Thank you all for your kind responses to my last post. I was worried about being obnoxious, like all those parents who tell you that their kid is an honor student (just kidding!)
I do know people who feel threatened even by those honor-student bumper stickers. (Which doesn’t make sense to me, but so much about people doesn’t.) Y’know, it generally is better for the parents to be proud than not, and it’s better to be an honor student than a slack-off. It’s socially acceptable for people to have logos of sports teams on their vehicles, shirts, bodies, etc., even if they have no connection at all to the team and don’t play on it or have kids who play on it . . . and that doesn’t bother anyone. I even get a kick out of the “My Kid Can Beat Up Your Honor Student” stickers, though I wouldn’t want anyone to take that one at all seriously. Happens too often already.
I had thought there must be more people who are secure enough that it doesn’t bother them for Cousin Idgie to say, “I brought the potato salad to the Mensa picnic” (“We prefer red potatoes and dillweed up here”), or for Uncle Rascal to write, “I have a circle of great friends who support my efforts, and I got a pony for my birthday!” And it turns out that there are. I think the snotty ones who go around making snide asides to others are the ones who are spending too much time worrying about appearances and making themselves feel better by putting others down. That doesn’t work for very long, really; why not try feeling better about yourself by being unexpectedly gracious and nice? You’ll get used to it. As Charles Schulz said through Lucy Van Pelt, “Smile . . . it’ll drive people crazy wondering what you’re up to!”
Sometimes people *do* use this stuff to intimidate others or shut them up. I can think of one useful example.
My mother’s previous diagnostician used to preface important statements with, “When I was at Hopkins. . . .” I’d always come in with questions and various suggestions as to what might be helpful and what worked for her before, and he’d always fix me with his gaze and say, “When I was at Hopkins, we saw a few cases of pernicious anemia like this, and we found it’s best to [zamma zamma zamma].” This was, I’m pretty sure, meant to put me into my place as the Mere Patient and let me know that he knew best, and sometimes that certain natural remedies were dumb. I still liked him. He was by far the best-looking doctor we have had (he was a playboy, too), and he used to snap your bra when he was listening to your cough.
The point was, though, that he had done his internship back East at a research facility and he’d gone to Johns Hopkins . . . he wasn’t just making this stuff up. I got the message, but I still thought it was funny (humorous). He did agree that it was OK for us to take green tea and bilberry supplements, though.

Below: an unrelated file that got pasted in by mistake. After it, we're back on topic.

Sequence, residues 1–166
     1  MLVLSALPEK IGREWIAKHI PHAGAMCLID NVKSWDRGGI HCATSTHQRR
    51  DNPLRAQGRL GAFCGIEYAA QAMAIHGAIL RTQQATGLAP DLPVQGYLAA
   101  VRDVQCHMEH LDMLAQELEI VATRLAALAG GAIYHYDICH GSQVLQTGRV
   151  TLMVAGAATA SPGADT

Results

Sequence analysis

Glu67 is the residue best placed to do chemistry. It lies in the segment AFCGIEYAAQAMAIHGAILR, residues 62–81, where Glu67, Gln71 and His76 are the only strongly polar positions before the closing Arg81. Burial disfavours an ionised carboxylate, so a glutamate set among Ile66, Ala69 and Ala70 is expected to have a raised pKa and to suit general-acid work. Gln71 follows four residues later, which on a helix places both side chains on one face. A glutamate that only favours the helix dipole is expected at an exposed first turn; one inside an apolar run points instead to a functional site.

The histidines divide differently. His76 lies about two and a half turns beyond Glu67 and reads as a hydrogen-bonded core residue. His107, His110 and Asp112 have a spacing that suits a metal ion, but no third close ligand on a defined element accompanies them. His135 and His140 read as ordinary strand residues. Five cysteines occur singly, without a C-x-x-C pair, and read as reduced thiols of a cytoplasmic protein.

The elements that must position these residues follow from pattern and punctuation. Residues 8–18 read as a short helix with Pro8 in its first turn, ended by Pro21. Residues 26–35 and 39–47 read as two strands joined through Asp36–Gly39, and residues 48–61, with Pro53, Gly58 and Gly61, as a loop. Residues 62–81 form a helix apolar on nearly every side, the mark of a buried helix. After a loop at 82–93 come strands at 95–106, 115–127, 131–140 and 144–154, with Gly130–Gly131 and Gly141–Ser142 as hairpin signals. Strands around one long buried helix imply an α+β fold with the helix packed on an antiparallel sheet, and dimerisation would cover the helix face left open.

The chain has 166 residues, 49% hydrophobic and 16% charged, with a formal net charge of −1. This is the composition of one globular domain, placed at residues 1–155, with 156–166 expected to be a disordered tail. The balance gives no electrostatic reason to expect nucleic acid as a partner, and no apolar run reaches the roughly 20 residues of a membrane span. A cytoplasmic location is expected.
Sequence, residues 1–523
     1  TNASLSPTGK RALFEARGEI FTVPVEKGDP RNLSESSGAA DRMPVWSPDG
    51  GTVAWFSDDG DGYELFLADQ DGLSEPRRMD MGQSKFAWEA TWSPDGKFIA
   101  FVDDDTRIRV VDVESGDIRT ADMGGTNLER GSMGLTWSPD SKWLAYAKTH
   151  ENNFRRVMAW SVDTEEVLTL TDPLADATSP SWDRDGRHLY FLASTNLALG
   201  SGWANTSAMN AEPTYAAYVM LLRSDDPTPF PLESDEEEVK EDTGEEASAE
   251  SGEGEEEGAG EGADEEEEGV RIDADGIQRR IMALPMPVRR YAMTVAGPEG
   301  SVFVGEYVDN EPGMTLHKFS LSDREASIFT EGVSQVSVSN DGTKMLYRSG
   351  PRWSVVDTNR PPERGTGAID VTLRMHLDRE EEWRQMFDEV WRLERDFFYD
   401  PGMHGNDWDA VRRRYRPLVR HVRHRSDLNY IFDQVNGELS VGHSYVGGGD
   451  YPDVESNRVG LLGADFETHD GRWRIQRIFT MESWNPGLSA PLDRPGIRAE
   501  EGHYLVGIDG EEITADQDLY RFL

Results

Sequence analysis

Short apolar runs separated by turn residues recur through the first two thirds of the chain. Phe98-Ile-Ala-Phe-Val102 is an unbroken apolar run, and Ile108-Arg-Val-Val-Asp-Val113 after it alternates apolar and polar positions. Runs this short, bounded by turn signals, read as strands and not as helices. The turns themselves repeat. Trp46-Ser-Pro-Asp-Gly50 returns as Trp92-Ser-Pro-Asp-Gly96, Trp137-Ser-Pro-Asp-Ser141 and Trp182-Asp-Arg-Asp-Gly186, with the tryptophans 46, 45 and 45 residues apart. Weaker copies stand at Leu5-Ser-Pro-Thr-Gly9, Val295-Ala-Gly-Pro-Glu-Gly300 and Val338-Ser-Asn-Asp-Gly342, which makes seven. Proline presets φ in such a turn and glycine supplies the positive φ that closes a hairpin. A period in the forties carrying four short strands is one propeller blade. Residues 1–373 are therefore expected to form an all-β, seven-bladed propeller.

Nowadays, when Mama keeps asking me if so-and-so is thinking *this*, or why would Cousin Flaky do that awful thing–she has this terrible habit of asking me to tell her what other people are thinking, and I can’t read their minds any better than she can, so she gets mad when I can’t give a definitive answer, *grin*–I just say, “When I was at Hopkins, we didn’t study that,” and she gets it.
The doctor we have now was a National Merit Scholar (another no-no to mention, yet I defy convention) and relates to patients differently. He listens to the stuff about natural cures and says that if they don’t interfere with what he’s recommended, go ahead and do ’em. He put us on CoQ10 because it forms a synergistic partnership with other drugs we’re on and helps the heart. (Mine breaks so easily that I figure it needs all the help it can get.) I tease him about looking like Shakespeare. (I mean, like the most widely accepted portrait of the Bard.) We have too much fun at our three-month check-ins for type II diabetes. His wife came to both of my book signings. We bring his kids little presents from the Dollar Tree on occasion. He’s smart, too.
Everybody has different ways about ’em. That’s what makes life interesting.
But if your “way” is to be snide and sarcastic (and I’m not talking about in fun, like Miss Snark, but deadly serious, like others), maybe it’s time to try on a new way. Is it really reflecting positively on you to announce that you “hate some people on sight” and that you’d like to “put that person in his place”? A goodly number of people see that stuff as revealing more about who YOU are than about the person you are putting down. Because the way the “correction” is presented makes it obvious that you are merely heaping scorn and derision on whatever it is that hasn’t struck your fancy. On the other hand, there are people who get called “Sunshine” for a reason, because they have a positive way of looking at things. “Oh, I’m sure he didn’t mean anything by that,” is one of Sunshine’s reactions to a perceived snub or slight. Sunshine is happier than Putdown Guy.
But you don’t have to take it THAT far. Just moving the dial over a few notches from dark to light can make a lot of difference in the taste of the toast.
I *try* to keep my meter needle near the middle. But if I slip, well, that’s what we keep the Extra Strength Formula 409 spray bottle around for. The “unscented apologies” flavor. Taste better now?